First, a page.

CARMAN, Man. — Farmers have wanted more perennial crops since the earliest days of cultivation.
There are numerous benefits if commercially viable cereals and oilseed crops can advance to the state of sophistication reached in forages.
Perennial crop breeder Doug Cattani of the University of Manitoba plant science department is exploring commercializing or extracting favourable genetics from intermediate wheatgrass and perennial sunflower, cereal rye and wheat.
The ideal perennial cereal would be able to fix nitrogen, but Cattani said that’s not in the cards for intermediate wheatgrass.
“It will still require some sort of nutrient input,” said Cattani.
“You could probably fix some nitrogen if you intermixed with a legume, but that will reduce your yield because the legume reduces the density of your main crop. But theoretically, such a mix could take care of itself.”
Cattani said the main advantage of intermediate wheatgrass is that it regrows after seed harvest, making it a good crop for baling or fall grazing after the seeds are taken.
It has not been bred like wheat, where most of the nutrients go up to the seeds. That means there’s a lot of nutrient left in the straw.
The animals would digest the nutrients and excrete them back onto the field if it were fall grazed, said Cattani.
“We’re just beginning to work with intermediate wheatgrass as a grain crop, so we don’t know yet what our major roadblocks will be.
“We do produce seed here in Western Canada, but it’s strictly the forage variety. The best yield we’ve seen so far is 800 pounds per acre. Given it has a bushel weight of 15 lb., we only have 16 bu. per acre.
“But keep in mind that’s a forage variety. Hopefully, we can make significant gains in these yields if we concentrate on breeding for grain production,” he said.
Cattani said breeders have already increased grain size in only three generations. Breeding annual cereals proceeds quickly with two generations per year. Each generation of intermediate wheatgrass takes three or four years.
The tall plants have excellent resistance to lodging, but that extra biomass also consumes nutrients that could go into the seeds. Cattani said breeding will try to reduce plant height while maintaining stalk strength.
The intermediate wheatgrass nursery was established at Carman in 2011. The first seed harvest is this fall, with two more harvests in the next two years.
Those seeds will be analyzed to find genetic traits that can be moved toward commercialization. They will also be evaluated for resistance to stress factors commonly occurring on the Prairies.
Canada wild rye has not been fully explored, said Cattani.
“It grows up to seven feet tall here in Manitoba, mainly in shaded areas. Here at Carman, it grows up to three feet tall. It’s a self-pollinating species, so the breeding program can move along quickly.
“We also have a native legume that grows well. It’s called prairie turnip or Indian Breadroot.”
This legume was a staple in the diet of Native North Americans. It’s edible raw, can be dried for storage, ground into flour, plus it’s quite palatable and nutritious.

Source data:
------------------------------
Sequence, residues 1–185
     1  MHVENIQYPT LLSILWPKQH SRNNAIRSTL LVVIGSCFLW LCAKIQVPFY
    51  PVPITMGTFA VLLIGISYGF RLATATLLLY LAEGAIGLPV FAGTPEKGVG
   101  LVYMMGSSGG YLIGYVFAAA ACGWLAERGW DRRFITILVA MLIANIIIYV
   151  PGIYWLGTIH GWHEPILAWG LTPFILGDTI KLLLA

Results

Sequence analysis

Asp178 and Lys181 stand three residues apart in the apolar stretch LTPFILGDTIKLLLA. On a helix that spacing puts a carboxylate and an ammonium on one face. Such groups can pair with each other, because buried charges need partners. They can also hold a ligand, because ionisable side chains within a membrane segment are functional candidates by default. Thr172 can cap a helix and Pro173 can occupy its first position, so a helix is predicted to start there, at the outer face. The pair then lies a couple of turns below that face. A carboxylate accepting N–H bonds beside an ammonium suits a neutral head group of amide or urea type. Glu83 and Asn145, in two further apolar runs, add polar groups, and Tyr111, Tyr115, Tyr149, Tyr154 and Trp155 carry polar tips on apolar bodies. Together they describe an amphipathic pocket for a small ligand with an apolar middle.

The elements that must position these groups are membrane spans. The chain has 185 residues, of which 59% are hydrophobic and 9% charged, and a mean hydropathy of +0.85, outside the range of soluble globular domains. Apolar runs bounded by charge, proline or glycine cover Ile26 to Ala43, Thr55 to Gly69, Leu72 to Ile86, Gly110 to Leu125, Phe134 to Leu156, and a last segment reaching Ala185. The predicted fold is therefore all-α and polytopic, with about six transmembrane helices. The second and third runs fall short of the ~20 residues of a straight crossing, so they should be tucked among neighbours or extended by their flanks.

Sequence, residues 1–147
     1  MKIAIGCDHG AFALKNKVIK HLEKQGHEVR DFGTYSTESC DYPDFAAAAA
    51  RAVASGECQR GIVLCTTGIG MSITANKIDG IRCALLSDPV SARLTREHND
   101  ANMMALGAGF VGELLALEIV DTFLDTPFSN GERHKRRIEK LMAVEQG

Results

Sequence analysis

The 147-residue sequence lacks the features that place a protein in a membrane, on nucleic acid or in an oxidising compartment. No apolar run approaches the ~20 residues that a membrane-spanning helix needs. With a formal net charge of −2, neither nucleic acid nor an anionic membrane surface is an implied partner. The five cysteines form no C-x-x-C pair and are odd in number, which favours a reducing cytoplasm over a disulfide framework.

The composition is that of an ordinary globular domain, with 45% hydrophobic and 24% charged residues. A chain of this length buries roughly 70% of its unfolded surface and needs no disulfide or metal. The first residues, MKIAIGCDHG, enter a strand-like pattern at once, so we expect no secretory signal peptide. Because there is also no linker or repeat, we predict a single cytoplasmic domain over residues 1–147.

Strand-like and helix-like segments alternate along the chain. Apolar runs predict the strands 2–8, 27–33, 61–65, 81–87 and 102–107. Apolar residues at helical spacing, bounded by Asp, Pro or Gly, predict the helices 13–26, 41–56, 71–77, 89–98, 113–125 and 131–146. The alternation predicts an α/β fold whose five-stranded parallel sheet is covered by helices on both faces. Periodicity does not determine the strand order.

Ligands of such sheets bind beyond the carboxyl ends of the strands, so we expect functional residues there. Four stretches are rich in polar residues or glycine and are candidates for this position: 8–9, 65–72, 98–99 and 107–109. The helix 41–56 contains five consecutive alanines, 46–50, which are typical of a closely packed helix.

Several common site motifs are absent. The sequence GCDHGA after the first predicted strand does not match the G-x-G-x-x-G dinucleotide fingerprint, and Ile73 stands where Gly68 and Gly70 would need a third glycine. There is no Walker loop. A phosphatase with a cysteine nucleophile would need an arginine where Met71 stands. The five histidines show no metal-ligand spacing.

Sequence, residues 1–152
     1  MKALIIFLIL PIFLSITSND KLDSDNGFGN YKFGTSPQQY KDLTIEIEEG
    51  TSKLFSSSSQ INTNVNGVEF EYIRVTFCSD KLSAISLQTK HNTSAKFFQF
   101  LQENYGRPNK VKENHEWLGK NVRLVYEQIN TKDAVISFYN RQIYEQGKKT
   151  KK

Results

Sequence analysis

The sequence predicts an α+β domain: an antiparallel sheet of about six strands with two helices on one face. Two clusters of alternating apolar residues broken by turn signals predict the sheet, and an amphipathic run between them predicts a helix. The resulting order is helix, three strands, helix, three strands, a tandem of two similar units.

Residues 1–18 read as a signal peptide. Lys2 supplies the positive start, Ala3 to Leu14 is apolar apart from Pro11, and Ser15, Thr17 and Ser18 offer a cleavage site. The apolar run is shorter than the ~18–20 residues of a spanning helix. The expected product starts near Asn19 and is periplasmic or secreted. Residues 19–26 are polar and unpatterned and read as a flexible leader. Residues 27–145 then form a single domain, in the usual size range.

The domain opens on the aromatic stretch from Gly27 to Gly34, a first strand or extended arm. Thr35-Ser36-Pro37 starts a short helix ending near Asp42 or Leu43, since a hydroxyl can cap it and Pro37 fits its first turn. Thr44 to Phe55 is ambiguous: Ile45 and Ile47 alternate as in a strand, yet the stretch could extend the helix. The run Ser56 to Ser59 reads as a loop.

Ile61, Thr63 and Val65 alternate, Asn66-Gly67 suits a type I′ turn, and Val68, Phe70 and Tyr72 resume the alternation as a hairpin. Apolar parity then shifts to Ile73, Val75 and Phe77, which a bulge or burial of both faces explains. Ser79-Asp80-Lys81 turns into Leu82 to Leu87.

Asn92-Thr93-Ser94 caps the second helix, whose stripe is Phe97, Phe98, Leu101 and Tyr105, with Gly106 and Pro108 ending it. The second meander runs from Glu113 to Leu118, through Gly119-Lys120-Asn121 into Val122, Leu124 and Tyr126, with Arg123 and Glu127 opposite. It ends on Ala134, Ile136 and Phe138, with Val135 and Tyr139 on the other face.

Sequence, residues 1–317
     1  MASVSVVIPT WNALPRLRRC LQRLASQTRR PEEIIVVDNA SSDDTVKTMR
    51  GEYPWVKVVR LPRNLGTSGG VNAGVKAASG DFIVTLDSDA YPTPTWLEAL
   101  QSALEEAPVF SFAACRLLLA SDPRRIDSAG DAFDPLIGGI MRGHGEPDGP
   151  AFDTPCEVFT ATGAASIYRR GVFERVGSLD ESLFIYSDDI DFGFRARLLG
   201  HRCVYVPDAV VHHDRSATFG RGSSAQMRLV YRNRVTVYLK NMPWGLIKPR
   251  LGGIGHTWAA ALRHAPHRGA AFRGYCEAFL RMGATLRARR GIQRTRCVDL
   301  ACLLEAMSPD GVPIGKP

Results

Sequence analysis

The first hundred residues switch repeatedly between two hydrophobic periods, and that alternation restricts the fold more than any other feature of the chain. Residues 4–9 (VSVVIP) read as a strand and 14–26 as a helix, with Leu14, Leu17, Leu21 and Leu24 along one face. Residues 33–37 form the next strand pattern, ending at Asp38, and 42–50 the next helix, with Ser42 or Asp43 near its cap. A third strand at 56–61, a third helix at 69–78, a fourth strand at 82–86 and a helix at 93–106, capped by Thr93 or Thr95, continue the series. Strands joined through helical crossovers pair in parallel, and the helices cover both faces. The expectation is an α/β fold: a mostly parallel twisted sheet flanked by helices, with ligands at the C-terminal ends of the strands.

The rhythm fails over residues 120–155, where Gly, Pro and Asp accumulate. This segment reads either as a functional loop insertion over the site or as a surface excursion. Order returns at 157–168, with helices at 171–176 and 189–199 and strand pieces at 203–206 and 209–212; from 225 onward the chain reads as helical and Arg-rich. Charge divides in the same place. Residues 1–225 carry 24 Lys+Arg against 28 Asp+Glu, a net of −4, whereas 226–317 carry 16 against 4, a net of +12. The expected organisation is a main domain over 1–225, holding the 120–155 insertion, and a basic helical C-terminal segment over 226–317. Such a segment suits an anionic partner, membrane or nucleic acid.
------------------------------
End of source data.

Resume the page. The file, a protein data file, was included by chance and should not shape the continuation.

“It’s a legume, so it fixes its own nitrogen. It has a large seed, up to one centimetre in length.
“Of course, if you harvest the root for food, you kill the plant. So we’re looking at it mainly as a nitrogen fixing legume.
“We also have a perennial flax that’s native to Western Canada, and that could be very useful in a perennial rotation.”
The Land Institute in Salinas, Kansas, is a partner in a number of these U of M projects, including intermediate wheatgrass and the evaluation of perennial wheat.
The wheat nursery was established in 2011 with plant materials developed at the institute. The Carman component of the project is simply to evaluate the viability of these strains of perennial wheat.
Cattani cautions against over-optimism. He said these and other alternatives all have potential to help bring food production on the Prairies closer to real sustainability, but each species represents only a small step.
U of M masters student Sean Asselin, who is evaluating perennial sunflower species native to Manitoba, said commercial viability of these genetic traits may be 15 years away, but thinks intermediate wheatgrass, perennial rye and the perennial wheat are closest to commercialization.
He said native perennials have a distinct advantage because they grow throughout the growing season and create more biomass.
Their roots penetrate into the soil profile to access water and nutrients, allowing them to maintain their leaf matter through the growing season. This makes them ideal for grazing in a drought year.
“Native salt-tolerant perennials will be good for reducing high water tables and reducing soil salinity.
“They can help clean up your soil. For example, if sclerotinia has infected one of your fields, you put in a sclerotinia-resistant native perennial on that field for five years to break the disease cycle and clean up that field,” said Asselin.